First Production Academy Job Shadows: an enormous success


Ms. Christine Magee

Guilford students in hard hats and safety vests learn about the Schwelling Building Supply operations.

   If there is one thing that all students know for sure, it is the classroom environment. With the end of high school seniors’ careers rapidly approaching, seniors will soon be losing that familiarity in exchange for the “real world.” 

   The Production academy is currently piloting a program that is helping to ease the change by creating opportunities for students to participate in  job shadowing. In these shadowings, Production students are being acquainted with possible job opportunities that could change their outlook on the careers they are interested in pursuing after graduation, as well as develop the principal skills that are imperative to their success in the future.  

   Although these job shadowing opportunities may seem like a completely new program, this has been the plan all along, according to​ Ms. Christina Magee, College and Career Academy Coach.

   “Job Shadows are part of the Work Based Learning Continuum that was adopted when we began academies almost a decade ago,” Ms. Magee said. ”Academies were brought to the Rockford Public Schools because local businesses (employers) were concerned that their future workforce (employees) were not as skilled as they should be.“

   The job shadows are addressing the  lack of experience students have by introducing the students to technology they have never been exposed to. The program cooperates with employers, such as General Electrics, to allow students to shadow employees at their respective jobs.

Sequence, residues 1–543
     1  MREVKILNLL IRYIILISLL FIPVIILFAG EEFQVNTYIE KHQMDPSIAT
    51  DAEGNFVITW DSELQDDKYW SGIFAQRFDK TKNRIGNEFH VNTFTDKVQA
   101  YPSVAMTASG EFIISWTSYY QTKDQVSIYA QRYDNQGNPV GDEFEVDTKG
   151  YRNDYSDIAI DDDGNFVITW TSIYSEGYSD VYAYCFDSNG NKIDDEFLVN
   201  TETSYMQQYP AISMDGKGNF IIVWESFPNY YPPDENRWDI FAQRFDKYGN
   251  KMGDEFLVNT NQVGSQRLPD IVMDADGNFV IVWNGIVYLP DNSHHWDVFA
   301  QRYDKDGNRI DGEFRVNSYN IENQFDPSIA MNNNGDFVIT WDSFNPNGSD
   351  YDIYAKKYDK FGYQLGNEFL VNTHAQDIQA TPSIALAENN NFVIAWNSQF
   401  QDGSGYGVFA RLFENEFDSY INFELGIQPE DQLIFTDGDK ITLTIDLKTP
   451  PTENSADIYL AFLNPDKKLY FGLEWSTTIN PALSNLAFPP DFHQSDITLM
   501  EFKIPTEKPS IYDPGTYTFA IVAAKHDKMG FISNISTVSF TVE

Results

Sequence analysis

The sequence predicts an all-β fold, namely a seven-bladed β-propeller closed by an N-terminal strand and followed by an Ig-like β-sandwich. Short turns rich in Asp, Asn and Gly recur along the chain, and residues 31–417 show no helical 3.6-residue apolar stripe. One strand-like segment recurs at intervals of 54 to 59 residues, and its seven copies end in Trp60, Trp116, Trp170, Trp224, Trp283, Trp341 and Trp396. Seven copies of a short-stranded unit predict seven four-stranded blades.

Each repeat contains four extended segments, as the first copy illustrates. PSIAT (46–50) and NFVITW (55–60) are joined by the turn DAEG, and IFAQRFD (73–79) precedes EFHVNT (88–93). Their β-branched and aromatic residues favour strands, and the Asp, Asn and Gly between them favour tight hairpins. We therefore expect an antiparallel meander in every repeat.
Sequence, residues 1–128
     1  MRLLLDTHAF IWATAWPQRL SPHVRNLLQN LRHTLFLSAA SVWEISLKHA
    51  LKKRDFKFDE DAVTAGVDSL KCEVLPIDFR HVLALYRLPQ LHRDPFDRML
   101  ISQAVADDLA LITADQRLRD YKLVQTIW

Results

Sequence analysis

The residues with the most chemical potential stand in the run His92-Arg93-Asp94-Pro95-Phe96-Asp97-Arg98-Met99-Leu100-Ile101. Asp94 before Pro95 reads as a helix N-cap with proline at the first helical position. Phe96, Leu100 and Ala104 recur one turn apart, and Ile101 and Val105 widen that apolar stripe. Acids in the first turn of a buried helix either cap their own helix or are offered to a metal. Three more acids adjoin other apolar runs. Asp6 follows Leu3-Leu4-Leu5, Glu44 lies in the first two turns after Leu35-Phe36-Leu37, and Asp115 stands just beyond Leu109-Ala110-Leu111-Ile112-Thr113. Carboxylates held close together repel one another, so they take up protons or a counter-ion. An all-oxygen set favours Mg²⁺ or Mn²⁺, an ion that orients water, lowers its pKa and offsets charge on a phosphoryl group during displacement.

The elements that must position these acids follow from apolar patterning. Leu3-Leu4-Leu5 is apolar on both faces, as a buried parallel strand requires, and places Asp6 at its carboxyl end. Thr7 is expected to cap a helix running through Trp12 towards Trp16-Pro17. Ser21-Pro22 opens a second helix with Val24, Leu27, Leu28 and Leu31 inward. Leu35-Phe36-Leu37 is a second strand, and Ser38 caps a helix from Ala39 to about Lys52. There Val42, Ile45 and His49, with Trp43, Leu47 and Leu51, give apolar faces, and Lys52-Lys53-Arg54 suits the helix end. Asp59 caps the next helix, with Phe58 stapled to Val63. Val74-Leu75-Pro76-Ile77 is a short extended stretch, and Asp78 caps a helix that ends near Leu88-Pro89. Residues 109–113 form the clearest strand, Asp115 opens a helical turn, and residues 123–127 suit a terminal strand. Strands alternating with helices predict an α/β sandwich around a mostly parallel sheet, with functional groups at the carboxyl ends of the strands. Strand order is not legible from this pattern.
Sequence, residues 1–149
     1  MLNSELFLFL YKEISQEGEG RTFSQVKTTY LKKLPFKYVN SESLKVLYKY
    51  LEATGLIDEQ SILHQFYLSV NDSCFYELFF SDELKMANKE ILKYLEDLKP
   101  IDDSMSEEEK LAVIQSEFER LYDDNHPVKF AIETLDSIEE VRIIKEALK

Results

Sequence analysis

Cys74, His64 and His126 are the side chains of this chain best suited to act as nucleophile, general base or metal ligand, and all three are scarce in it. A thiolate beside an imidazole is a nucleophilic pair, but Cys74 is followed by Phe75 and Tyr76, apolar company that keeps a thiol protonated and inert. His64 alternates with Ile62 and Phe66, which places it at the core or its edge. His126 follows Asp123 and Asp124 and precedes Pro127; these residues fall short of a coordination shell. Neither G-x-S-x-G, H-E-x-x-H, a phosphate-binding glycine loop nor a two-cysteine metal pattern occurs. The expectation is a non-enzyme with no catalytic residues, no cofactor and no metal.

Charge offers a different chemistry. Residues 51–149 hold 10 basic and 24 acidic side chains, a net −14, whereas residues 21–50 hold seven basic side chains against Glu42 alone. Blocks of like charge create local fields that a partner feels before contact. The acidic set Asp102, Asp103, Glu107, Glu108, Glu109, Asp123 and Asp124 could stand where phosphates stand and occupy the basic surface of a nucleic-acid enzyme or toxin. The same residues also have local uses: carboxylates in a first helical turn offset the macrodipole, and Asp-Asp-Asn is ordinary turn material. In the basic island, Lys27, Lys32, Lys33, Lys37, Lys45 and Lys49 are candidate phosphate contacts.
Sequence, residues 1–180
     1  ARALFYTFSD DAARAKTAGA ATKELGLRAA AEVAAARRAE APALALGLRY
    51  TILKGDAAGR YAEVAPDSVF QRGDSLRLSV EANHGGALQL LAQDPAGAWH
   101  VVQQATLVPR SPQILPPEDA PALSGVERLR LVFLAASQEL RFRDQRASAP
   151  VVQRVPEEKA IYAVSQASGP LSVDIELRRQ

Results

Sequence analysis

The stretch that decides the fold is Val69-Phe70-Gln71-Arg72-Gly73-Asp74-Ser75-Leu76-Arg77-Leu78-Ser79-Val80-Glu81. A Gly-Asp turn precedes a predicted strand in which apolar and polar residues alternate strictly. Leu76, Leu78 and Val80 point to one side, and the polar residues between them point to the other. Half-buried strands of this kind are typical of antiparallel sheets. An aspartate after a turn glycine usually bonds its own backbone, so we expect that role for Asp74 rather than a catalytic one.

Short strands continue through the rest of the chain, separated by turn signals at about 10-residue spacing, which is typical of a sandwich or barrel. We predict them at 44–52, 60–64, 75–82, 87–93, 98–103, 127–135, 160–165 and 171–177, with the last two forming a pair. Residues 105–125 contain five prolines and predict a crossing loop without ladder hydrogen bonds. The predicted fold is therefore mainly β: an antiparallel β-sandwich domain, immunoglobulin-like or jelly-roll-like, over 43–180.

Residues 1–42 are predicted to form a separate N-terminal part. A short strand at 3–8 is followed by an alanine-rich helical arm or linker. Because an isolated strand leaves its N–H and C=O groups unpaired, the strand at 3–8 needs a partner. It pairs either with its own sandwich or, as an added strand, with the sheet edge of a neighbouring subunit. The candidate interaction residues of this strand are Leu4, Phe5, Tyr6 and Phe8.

“They (General Electrics) showed us all sorts of different things,” said Edward Patla, senior. “They showed us how to use CNC Machines and showed us how to properly use their equipment. They allowed us to actually use one of their milling machines,” 

   The learning opportunities are almost endless, as demonstrated by Doug Curry, president of  Stenstrom Excavation & Blacktop Group, who hosted the third group of students. 

   “The students looked at project drawings and a specification book, framed and plumbed walls, changed the hose on a gas pump and saw how the card reader/computer in the gas pump works, operated a hand held global positioning unit and did individual distance measuring, after learning how the global positioning system unit works and, cut and connected different plumbing pipe materials,” said Curry.

   Mr. Curry, as well as the other employees, were very satisfied with the students and their day at Stenstrom, particularly with their eagerness to learn.

   “They had great questions and were each interested in different areas of construction,”said Mr. Curry. ̈We enjoy showing students what we do and the various different construction career opportunities.” 

   These shadows have proven to have made incredible headway with the students, and have impressed future employers as well.  

   With the overwhelming success of the job shadows, students in the other academies  should look forward to similar opportunities in the near future.

   “After job shadow experiences, we have had companies reach out with additional opportunities for our students based on the interactions company leaders are having with our students,” said Ms. Magee.